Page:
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Andrew Thompson

Andrew Thompson

CS/Math Instructor, Wicomico High School 

 

How did you get into this area?
As I graduated high school, I knew that I wanted to be a teacher.  Teaching is a bit of a legacy profession for me as my parents are both educators, and my grandfather was a pastor for his entire adult life. I chose Mathematics to be my primary teaching focus but having been the child of educators I knew that teachers often must wear multiple hats.  Thus, I decided to get my minor in Computer Science, figuring it could come in handy in the future. It turns out that in my 10th year of teaching it did. My school had a need for a new CS teacher and asked me if I would consider it.  I jumped right in!  They sent me to AP Summer institutes in my first two summers and that helped me immensely with my confidence.  I teach at school that only has 1 full-time CS teacher, so I entered a department of 1. There were some challenges along the way.   Luckily for me, my supervisors and especially the CS teachers at the other schools in my county were very helpful to make sure I had everything I needed! 
What are some successes and challenges you have experienced in getting to where you are now? 

I would say one of the biggest challenges in Computer Science is finding the right resources and curriculum. In the CS world things change and update very quickly and resources don’t always keep up.  The first curriculum I was given had links to resources that were not even live websites anymore. This however led to one of my biggest successes and that is connecting with a community of teachers that have been able to help me find everything that I need. From my fellow teachers in Wicomico County that let me shadow them my first year to get a sense that I was doing something right and sent me full folders of great PPTS, to the fellow teachers at CSTA-MD that have encouraged me and shared resources with me, I have always had support. They have pointed me to a wealth of resources online through the various coding websites, videos, and tutorials. If you feel like you are weak in an area, I guarantee there is a resource out there to help you! Just ask a fellow teacher and they will point you in the right direction!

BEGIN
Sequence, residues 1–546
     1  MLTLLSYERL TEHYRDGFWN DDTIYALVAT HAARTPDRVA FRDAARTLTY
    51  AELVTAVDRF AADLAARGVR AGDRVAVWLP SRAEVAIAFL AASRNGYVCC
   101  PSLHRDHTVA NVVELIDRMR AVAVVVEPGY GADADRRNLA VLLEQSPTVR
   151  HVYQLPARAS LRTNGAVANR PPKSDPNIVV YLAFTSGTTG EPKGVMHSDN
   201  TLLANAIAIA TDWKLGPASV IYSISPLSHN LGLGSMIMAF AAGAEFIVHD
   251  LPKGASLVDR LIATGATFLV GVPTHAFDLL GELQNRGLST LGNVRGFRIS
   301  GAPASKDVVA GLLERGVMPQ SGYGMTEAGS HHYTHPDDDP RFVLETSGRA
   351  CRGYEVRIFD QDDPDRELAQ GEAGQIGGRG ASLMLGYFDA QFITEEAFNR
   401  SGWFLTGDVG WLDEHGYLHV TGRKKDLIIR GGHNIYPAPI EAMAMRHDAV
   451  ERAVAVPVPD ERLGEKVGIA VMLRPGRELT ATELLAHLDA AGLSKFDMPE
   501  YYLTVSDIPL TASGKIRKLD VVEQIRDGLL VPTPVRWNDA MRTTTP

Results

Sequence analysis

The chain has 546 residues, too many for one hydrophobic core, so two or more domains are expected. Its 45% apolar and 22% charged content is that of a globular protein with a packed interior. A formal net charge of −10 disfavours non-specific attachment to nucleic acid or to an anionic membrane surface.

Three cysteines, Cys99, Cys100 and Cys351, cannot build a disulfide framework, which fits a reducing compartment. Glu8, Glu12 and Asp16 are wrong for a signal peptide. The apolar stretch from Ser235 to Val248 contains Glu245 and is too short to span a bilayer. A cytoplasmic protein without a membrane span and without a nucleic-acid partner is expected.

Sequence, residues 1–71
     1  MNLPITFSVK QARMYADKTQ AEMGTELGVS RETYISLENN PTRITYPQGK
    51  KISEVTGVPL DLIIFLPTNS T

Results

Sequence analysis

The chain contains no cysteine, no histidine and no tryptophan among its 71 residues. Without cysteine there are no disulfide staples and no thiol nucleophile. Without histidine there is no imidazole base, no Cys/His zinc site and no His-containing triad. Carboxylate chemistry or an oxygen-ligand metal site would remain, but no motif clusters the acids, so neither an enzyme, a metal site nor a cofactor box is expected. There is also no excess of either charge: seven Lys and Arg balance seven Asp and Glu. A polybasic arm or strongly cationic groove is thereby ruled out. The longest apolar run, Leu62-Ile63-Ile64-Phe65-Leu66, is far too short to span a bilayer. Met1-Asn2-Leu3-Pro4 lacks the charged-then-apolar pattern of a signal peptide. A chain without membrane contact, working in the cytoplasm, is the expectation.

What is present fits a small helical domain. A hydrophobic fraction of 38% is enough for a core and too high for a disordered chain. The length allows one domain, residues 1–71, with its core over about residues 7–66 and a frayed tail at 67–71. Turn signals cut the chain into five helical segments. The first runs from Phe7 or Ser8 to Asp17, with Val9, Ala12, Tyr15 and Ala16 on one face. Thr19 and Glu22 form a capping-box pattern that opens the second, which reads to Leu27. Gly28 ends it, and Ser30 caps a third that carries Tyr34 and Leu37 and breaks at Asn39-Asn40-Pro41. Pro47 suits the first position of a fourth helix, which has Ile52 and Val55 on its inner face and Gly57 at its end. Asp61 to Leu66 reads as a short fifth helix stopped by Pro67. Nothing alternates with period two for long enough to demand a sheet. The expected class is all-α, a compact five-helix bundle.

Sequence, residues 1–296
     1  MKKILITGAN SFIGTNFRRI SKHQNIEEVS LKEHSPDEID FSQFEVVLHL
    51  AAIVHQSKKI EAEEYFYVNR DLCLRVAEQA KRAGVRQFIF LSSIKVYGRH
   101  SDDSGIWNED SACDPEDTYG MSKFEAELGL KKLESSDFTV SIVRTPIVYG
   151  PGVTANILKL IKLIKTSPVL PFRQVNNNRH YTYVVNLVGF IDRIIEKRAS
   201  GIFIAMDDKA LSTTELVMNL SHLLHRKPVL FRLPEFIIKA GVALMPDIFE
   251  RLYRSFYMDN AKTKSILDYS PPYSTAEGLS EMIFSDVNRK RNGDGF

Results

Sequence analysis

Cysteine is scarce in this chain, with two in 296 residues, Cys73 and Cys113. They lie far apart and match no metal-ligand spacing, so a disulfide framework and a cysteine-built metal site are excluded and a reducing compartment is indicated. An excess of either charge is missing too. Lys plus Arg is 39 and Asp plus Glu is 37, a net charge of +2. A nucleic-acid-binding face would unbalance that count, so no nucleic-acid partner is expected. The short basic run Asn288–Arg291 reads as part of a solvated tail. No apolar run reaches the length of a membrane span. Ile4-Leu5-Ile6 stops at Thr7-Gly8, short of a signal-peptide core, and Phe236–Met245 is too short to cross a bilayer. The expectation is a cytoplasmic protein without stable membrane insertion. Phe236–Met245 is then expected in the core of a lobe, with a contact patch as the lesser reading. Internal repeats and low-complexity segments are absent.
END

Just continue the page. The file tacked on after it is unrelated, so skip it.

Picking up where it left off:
What's working well? 
I think I am most proud of seeing my student’s pride in their final products. One of the hardest transitions for me from Math to CS was the fact that CS is more project driven than the math classroom. However, I believe now that is one of my favorite parts. Once students are done their projects, I very nearly always have a virtual gallery walk in which students post links to their final product and then can view their classmates work. After they are done, they get to vote on superlatives. Things like “Most Informational Website”, “Most Creative Use of Style”, “Most Interesting Pictures”, “Best Overall”. I think for both me and my students, the revealing of the superlatives is our favorite class day.   

Dianne O'Grady-Cunniff, dogrady at usmd dot edu
Director, Maryland Center for Computing Education

Dr. Megean Garvin, mgarvin at usmd dot edu
Director of Research, Maryland Center for Computing Education

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Maryland Center for Computing Education
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MCCE received initial support from the National Science Foundation, (MSP)2 Grant No. 0831970.